A few times last year, I wondered whether the financial crisis might also dictate the end of prosperity for New York City. While I still worry that the city's glory days are in the past, it has clearly escaped collapse thanks to the Wall Street bailout. The New York Times has an article today that explains just how big a role the bailout likely played. In fact, the recession for the city is now expected to be much less severe than thought -- and relatively benign when compared with what the rest of the U.S. is going through.
Here's a chart from the article that compares the effect of this and some past recessions on New York City and the rest of the U.S.:
The Times explains how much milder the recession is thought to be by turning to Moody's economist Mark Zandi and Mayor Bloomberg:
Mr. Zandi said he expected the job losses in the metropolitan area to end within a couple of months and to amount to less than 4 percent of the region's total employment at the peak of the last boom. By contrast, the nation lost more than 6 percent of its jobs over the last two years.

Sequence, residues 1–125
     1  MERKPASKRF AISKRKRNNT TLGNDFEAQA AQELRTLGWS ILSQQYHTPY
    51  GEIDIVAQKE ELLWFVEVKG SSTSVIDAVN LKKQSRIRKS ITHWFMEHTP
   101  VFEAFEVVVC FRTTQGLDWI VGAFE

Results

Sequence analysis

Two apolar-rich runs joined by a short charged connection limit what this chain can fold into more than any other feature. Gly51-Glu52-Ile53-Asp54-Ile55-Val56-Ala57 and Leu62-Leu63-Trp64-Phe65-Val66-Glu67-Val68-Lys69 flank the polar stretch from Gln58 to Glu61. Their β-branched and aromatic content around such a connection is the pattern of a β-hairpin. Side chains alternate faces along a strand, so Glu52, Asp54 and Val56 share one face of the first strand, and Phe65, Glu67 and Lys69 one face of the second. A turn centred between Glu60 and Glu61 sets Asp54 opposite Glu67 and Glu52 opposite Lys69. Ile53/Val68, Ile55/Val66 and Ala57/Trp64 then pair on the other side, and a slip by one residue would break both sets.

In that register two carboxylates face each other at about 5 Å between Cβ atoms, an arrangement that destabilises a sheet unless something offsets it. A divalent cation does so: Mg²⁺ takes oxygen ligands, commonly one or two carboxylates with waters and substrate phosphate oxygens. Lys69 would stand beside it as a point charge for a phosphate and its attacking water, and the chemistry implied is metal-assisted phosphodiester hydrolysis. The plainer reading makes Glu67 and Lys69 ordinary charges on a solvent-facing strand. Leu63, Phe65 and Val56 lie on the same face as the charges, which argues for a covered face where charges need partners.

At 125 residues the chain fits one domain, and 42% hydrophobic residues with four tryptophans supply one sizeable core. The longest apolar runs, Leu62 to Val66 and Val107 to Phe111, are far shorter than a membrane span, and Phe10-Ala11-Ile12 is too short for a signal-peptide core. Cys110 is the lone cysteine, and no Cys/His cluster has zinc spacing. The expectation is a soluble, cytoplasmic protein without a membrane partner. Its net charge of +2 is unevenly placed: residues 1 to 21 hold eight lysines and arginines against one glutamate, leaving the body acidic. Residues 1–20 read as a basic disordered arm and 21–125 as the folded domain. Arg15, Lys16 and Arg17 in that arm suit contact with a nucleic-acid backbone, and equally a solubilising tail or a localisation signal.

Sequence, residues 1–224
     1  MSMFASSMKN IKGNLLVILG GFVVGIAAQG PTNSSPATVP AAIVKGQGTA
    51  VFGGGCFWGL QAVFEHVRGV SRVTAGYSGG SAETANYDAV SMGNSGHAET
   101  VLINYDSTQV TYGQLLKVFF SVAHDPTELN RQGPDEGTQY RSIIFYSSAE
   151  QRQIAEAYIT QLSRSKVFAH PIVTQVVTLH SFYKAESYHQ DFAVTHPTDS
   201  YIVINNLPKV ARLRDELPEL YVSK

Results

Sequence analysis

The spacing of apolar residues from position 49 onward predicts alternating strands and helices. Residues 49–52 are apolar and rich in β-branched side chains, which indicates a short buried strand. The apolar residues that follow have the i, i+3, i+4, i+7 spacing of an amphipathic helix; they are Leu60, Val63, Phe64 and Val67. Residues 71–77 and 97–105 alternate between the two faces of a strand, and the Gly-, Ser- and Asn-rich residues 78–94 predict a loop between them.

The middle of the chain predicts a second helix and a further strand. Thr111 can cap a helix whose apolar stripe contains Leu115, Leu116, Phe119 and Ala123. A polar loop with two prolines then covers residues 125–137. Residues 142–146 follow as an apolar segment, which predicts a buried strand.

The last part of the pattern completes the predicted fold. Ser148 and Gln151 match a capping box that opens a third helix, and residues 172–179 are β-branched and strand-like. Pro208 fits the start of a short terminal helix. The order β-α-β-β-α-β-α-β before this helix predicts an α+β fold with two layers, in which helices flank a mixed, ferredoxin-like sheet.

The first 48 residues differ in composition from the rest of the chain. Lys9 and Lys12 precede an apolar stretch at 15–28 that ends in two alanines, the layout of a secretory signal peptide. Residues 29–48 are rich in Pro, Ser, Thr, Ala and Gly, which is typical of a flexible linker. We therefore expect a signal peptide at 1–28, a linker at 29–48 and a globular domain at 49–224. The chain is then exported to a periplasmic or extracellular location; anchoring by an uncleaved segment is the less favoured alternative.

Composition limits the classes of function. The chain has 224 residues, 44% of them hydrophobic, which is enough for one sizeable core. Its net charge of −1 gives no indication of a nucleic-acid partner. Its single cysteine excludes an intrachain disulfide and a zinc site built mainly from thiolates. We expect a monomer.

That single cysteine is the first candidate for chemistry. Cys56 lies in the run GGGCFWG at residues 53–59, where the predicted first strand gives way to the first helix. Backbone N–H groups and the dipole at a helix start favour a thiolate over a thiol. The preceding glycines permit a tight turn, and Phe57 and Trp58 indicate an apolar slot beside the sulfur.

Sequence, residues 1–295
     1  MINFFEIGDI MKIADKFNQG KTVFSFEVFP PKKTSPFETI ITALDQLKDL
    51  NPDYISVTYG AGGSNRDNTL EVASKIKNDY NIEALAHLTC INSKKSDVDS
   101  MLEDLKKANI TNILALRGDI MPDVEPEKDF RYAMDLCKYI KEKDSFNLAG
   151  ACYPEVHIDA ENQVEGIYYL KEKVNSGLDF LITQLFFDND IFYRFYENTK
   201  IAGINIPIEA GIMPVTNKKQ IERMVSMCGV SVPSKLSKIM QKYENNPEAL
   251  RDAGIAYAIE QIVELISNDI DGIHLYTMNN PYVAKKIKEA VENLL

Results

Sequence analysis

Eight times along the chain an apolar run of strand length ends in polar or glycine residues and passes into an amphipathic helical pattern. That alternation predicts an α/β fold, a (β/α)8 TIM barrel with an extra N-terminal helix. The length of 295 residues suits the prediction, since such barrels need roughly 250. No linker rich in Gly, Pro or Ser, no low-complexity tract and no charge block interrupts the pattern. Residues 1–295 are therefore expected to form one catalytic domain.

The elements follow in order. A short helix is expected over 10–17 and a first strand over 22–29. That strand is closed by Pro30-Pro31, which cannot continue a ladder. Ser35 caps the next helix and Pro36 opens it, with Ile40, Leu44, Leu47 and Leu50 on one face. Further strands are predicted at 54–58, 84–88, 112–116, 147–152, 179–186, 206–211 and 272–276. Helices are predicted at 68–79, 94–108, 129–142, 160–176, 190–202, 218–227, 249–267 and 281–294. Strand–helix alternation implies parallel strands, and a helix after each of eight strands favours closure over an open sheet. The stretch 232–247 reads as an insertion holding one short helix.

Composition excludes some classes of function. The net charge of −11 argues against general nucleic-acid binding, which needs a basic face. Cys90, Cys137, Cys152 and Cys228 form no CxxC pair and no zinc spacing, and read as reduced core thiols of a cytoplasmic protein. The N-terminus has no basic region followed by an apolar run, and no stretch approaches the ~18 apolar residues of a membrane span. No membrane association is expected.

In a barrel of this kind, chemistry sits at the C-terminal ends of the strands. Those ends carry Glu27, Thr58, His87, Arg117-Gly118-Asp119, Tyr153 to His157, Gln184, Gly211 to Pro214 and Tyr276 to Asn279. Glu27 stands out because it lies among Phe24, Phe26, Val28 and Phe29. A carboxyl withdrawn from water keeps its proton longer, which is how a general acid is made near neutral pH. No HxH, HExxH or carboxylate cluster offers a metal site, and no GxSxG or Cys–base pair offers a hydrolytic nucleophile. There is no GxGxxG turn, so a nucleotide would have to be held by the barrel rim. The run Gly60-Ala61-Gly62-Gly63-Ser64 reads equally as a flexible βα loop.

City officials agree. Mayor Michael R. Bloomberg and his lieutenants have been telling audiences that the recession will cost the city 100,000 fewer jobs than they had forecast a year ago.
Considering that the financial sector, which led the recession, was heavily concentrated in New York City that's a pretty impressive feat. But since the government put an enormous amount of money and numerous emergency measures in place to stabilize Wall Street, this makes sense:
Economists say the hundreds of billions in loans and aid the federal government pumped into the city's banks fueled a quick reversal of Wall Street's fortunes. That turnaround saved thousands of high-paying jobs and the controversial bonuses that go with them, averting a sharper drop in tax collections and consumer spending that would have brought more layoffs. "A lot of us had expected there would be 60,000 or 70,000 jobs lost directly in the financial services sector," said James Parrott, an economist with the Fiscal Policy Institute.
"Then there would have been a spillover effect," he said, referring to the widely accepted idea that each job on Wall Street supports two others in and around the city.
One way in which the city clearly benefits is directly from the spending and taxes of those in the financial industry. I've noted this before. But the indirect results are also significant. If Wall Street had laid off thousands more, some would have left the industry and city, causing real estate there to further worsen and more shops and restaurants to close.